Lastly, in our shift towards a reparative reading of play, we highlight Maggie Berg and Barbara K. Seeber’s response to the precarious labour of academia. In The Slow Professor, Berg and Seeber propose that academics need to reject the culture of speed and efficiency that permeates our campuses. By intentionally slowing down and savouring the learning process, we might improve teaching, research, and collegiality. “Playing around” thus also functions as an antidote for universities suffering from the demands of a fast-paced culture. Graduate students, certainly, have felt the weight of this drive to do more, faster, longer, all while being offered less and less—less compensation, less guidance, less job security (Boyles et al.). Giving students the support and resources to slow down and play aimfully with the digital would undoubtedly lead to new and important contributions to the movement to “transform DH” (Bailey; Cong-Huyen; Lothian and Phillips).
Of course, institutional shortcomings ought to be contextualized alongside the broader issues that those working in DH have faced. Concerns around who has access to DH tools and resources affect everyone from undergraduate students to university librarians. While financial accessibility can create constraints around the ways in which tools and data “can be accessed, analyzed, and politicized” (McMillan Cottom), hierarchical and imbalanced power structures continue to impinge on many attempting to navigate the field (Boyles). Barbara Bordalejo, for instance, has drawn attention to the way that ongoing gender disparities among DH faculty undercut “any claims about equality and inclusiveness in the field.” This is also true of racial disparities in the field of digital humanities. But while these imbalances and precarities impact many within the walls of academia, graduate students, especially those of marginalized backgrounds, often feel the effects of this precarity in concentrated force.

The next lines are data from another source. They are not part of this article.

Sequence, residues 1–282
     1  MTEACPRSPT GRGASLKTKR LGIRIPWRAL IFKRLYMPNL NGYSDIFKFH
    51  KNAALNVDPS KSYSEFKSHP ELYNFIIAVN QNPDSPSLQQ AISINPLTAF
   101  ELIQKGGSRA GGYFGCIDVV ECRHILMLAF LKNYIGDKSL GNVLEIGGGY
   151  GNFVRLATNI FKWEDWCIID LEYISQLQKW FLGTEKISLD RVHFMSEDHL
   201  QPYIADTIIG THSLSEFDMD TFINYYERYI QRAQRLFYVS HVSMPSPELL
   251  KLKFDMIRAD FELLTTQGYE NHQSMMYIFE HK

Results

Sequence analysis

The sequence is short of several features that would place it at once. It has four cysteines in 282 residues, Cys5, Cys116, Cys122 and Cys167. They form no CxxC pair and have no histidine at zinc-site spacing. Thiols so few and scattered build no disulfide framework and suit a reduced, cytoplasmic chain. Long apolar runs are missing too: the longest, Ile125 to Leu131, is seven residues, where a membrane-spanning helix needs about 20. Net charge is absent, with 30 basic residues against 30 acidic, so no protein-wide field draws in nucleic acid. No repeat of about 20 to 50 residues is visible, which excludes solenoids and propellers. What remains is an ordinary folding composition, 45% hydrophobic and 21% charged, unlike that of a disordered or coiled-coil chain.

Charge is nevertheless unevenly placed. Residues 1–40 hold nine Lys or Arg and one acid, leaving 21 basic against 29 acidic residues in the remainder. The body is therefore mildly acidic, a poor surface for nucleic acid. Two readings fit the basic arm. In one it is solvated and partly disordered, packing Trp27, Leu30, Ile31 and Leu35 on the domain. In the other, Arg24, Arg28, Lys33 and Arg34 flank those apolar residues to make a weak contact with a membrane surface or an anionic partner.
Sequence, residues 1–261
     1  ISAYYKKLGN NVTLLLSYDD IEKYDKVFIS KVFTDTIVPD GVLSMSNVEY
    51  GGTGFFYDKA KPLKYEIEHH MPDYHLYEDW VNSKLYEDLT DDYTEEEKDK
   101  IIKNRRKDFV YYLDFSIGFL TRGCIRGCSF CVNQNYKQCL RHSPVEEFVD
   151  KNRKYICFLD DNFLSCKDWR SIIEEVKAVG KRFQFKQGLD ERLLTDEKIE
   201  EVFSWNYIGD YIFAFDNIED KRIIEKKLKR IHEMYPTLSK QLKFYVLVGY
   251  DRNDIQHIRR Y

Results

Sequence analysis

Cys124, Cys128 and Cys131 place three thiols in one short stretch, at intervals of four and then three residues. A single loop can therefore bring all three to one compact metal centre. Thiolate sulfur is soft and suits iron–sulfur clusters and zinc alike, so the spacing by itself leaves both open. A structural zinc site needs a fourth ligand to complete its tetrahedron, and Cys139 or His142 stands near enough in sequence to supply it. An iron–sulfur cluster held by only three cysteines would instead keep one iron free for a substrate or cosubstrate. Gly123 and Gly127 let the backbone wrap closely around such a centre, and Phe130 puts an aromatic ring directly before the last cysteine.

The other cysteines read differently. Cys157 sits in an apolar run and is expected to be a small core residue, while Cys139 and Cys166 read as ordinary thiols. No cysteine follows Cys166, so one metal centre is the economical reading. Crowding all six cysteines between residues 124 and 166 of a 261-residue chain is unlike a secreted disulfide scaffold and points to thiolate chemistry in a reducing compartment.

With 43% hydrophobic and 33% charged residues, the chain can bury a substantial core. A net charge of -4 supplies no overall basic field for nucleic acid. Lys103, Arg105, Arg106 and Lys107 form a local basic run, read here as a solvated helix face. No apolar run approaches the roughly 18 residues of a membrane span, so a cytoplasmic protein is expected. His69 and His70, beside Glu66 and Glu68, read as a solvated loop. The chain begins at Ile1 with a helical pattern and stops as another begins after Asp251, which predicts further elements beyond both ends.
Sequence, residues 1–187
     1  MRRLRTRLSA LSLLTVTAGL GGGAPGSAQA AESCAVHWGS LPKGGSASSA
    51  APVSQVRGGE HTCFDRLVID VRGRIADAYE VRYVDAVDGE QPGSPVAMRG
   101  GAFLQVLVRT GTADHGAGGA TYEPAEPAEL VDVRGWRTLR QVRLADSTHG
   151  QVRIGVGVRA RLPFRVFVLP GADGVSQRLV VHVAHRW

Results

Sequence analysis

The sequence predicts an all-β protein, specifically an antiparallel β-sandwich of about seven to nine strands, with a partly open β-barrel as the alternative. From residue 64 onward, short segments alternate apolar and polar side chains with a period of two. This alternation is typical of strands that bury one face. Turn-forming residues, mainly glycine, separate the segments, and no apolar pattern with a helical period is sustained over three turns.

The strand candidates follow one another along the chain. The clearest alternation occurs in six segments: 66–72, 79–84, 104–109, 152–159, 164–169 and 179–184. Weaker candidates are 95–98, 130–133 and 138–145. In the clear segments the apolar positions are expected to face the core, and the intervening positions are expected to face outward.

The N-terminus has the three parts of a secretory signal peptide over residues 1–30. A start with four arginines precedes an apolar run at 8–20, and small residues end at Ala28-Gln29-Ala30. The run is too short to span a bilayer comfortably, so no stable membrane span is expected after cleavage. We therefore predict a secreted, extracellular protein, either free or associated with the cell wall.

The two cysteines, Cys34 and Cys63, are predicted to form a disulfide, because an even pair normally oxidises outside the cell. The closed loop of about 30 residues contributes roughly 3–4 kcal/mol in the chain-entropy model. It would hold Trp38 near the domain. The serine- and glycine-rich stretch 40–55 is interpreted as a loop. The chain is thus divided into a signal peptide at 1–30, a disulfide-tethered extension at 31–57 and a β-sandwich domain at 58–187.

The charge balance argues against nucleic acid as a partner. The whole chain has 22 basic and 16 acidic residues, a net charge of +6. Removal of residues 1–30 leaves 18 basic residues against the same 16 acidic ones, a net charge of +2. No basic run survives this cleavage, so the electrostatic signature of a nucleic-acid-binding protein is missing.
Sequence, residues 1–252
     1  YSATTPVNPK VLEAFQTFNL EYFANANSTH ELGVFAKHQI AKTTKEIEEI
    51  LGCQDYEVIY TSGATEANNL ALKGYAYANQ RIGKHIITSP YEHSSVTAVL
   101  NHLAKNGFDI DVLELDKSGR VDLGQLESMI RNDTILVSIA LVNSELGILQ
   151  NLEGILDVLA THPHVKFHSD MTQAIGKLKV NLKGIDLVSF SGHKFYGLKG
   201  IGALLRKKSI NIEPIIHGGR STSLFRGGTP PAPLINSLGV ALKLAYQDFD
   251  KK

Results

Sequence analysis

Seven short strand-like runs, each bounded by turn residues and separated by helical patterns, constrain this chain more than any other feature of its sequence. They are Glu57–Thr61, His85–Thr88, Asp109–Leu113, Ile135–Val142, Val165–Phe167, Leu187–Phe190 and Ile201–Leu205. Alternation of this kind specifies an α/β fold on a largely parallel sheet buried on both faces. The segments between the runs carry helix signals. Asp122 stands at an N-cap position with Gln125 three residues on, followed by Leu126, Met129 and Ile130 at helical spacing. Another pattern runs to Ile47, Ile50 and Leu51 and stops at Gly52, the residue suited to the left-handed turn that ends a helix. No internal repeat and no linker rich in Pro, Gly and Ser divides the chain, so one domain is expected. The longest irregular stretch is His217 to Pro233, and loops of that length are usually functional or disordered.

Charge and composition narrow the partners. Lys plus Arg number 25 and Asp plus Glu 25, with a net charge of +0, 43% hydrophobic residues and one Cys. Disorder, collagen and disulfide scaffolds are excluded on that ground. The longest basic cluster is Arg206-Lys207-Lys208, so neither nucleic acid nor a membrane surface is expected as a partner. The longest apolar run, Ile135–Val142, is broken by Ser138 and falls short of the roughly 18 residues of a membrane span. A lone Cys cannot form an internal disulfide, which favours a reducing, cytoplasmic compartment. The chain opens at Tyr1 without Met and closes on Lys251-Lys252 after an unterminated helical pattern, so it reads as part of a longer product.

In the face of this uncertainty, DH is often held out as a possible solution for graduate students—or at least as a means that will better prepare graduate students “for the labor realities they’ll face” (Howard). “Will expertise in digital humanities get graduate students the academic jobs that so many of them seek?” asked literary scholar Leonard Cassuto in a 2017 Chronicle of Higher Ed article. “At the moment,” he replies, “demonstrated digital expertise certainly helps” (Cassuto B21). In describing the PhD program in Digital Humanities at King’s College London, Willard McCarty similarly highlights the demand for graduate students with critical knowledge of the field in an explanation of the program itself. This rhetoric has certainly affected the writers of this present piece. DH is often held out as the channel through which we will be able to conduct the academic work we were initially interested in—and several years into the field, DH has also shifted to become a central object of our studies.